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Thursday, December 19, 2013

The King Grinch Who Stole State Ag Laws

You don’t need the glow of Rudolph’s red nose to see that only a Grinch would go after rules that guarantee families get healthy Christmas trees. But Capitol Hill’s reigning Grinch, Rep. Steve King of Iowa, is determined to spoil Christmas for both young and old. He’s the author of a controversial and overreaching amendment to the pending Farm Bill—it amounts to a federal takeover that would block states from setting standards for agriculture products.

King says he’s targeting a California law requiring more humane treatment of egg-laying hens. But his amendment is so broad it impacts all the Whos in Whoville, not just those in the Golden State. It applies to the manufacturing of any agricultural product—even Christmas trees and reindeer.

ReindeerIn Alabama, it’s illegal to import Christmas trees, or ornamental pine foliage, from any state that has pine shoot beetles, unless the trees and foliage have been quarantined. Oregon prohibits selling a Christmas tree that’s infected with disease. Georgia sets standards for Christmas trees sold at farmers markets. Washington requires any diseased Christmas tree to be condemned so that consumers won’t have to worry about the quality of the tree in their living room.

Surely these states should have the right to set standards to protect consumers who want good, healthy Christmas trees to mark the holiday season. Who wants a sick Christmas tree to ruin that special morning as families gather round to celebrate and exchange gifts?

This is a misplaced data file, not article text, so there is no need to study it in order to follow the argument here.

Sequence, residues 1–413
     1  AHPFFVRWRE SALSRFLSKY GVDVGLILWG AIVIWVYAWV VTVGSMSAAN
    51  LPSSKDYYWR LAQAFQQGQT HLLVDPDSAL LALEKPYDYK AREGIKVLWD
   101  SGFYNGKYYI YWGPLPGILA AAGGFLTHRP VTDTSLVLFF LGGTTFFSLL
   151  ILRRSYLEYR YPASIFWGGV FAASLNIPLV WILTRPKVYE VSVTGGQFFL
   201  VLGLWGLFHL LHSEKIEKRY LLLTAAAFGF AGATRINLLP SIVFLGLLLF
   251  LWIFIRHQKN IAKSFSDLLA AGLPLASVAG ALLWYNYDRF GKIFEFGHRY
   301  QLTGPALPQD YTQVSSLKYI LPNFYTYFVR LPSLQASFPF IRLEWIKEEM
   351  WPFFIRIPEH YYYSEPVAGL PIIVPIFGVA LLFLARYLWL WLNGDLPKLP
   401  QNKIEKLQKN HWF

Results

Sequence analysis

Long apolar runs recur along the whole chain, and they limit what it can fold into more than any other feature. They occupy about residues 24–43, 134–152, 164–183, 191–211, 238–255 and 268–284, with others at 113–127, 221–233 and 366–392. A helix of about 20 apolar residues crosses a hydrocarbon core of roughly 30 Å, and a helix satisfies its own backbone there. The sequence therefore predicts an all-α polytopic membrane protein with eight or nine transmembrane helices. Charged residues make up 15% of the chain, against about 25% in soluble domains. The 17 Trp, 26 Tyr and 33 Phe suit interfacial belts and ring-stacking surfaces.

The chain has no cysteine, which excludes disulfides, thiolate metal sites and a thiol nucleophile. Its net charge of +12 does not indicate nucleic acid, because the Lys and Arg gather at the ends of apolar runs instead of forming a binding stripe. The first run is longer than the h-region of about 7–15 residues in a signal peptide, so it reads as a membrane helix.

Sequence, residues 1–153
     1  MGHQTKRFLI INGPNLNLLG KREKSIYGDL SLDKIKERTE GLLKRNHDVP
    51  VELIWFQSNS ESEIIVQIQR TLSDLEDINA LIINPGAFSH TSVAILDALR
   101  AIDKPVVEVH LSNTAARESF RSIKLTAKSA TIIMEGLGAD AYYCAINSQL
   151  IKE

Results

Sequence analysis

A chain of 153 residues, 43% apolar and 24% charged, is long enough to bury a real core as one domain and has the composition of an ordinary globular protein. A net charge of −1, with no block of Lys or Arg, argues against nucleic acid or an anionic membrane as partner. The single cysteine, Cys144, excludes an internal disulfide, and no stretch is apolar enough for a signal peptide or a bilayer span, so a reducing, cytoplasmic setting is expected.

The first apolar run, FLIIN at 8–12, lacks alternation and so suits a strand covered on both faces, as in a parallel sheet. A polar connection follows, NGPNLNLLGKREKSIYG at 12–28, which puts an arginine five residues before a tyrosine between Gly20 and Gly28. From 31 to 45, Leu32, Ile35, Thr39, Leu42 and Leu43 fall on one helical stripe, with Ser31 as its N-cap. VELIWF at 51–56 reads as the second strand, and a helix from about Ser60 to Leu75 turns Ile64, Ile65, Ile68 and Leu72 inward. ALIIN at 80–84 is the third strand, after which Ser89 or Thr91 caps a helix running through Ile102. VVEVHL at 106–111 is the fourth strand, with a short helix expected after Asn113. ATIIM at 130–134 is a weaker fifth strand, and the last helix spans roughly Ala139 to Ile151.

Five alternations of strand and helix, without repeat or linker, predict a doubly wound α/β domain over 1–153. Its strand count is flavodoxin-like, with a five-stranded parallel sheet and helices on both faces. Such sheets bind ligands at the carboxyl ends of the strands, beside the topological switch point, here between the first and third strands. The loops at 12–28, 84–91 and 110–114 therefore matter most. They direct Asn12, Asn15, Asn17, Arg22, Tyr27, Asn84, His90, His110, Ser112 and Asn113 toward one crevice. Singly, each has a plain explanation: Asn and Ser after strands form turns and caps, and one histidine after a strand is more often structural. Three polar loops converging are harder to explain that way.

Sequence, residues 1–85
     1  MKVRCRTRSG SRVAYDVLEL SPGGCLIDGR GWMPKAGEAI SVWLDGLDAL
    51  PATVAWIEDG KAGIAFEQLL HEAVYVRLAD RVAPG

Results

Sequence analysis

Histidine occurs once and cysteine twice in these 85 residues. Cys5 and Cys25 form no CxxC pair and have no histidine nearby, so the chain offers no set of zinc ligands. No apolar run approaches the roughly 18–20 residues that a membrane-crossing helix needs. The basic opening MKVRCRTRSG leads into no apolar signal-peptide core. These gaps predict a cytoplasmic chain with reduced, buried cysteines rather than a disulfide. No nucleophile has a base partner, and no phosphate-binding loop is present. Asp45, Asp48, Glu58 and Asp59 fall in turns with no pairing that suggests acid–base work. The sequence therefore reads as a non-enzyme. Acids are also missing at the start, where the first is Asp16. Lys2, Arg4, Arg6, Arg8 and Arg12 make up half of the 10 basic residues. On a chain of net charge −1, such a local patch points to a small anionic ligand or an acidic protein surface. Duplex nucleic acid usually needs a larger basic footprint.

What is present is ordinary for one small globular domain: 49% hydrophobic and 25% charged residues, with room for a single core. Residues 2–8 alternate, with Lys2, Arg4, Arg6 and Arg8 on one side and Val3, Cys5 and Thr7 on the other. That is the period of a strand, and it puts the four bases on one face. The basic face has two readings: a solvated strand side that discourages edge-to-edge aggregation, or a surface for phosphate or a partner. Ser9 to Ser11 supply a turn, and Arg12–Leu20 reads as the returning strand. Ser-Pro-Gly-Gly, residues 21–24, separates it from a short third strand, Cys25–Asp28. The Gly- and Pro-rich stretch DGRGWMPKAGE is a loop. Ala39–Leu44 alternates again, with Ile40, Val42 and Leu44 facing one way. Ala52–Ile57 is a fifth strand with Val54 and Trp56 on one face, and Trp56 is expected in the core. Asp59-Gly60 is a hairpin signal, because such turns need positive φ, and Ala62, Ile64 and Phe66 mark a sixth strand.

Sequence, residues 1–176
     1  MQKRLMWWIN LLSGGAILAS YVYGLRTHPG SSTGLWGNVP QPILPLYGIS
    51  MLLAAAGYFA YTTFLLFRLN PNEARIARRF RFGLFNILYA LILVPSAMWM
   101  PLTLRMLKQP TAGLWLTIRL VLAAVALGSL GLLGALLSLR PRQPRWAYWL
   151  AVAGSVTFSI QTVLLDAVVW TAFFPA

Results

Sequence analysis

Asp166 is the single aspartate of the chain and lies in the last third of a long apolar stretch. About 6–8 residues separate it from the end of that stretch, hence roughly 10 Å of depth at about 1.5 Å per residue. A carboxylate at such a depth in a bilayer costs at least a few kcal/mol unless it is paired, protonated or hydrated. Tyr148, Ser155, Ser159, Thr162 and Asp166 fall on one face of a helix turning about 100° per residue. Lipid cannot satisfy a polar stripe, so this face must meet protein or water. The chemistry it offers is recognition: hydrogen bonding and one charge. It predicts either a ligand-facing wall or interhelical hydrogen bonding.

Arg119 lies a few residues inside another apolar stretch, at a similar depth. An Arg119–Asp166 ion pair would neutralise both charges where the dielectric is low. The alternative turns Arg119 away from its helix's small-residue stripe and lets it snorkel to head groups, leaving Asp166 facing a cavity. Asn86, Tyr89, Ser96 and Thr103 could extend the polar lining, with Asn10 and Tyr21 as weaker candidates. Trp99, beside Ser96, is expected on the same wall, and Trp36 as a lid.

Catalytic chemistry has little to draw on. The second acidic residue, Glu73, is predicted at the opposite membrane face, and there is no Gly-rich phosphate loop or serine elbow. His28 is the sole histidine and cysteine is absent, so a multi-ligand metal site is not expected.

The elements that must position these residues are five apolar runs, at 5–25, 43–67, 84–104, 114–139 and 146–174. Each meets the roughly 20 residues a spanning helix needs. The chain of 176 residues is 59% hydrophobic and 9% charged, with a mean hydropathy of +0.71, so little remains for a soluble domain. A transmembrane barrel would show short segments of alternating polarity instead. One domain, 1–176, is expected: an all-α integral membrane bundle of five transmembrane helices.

And what about Rudolph and his friends? Connecticut requires that any reindeer imported into the state be free from tuberculosis, brucellosis, and chronic wasting disease. The King amendment could nullify Connecticut’s law that protects reindeer farmers from receiving infected animals from other states. When Santa lands his sleigh on your rooftop, you want him spreading good cheer, not bovine tuberculosis.

Congress will come back in January and the Farm Bill will be one of the first items on the legislative agenda. A conference committee will determine whether the King amendment makes it into the final package. If ever there was a need for the Whos in Whoville to stand strong in a good cause, it’s now. Every good Who needs to stand up and be counted if this radical and sweeping attack on state sovereignty is to be defeated, and the Grinch sent home to Mount Crumpit.    

With the defeat of the King amendment, families can continue to hang ornaments and lights on healthy Christmas trees, and Santa can continue to have healthy reindeer to fly him around the globe—delivering gifts to good little boys and girls and lumps of coal to those who would strike down even the most basic standards of care for animal welfare, food safety, and the environment.

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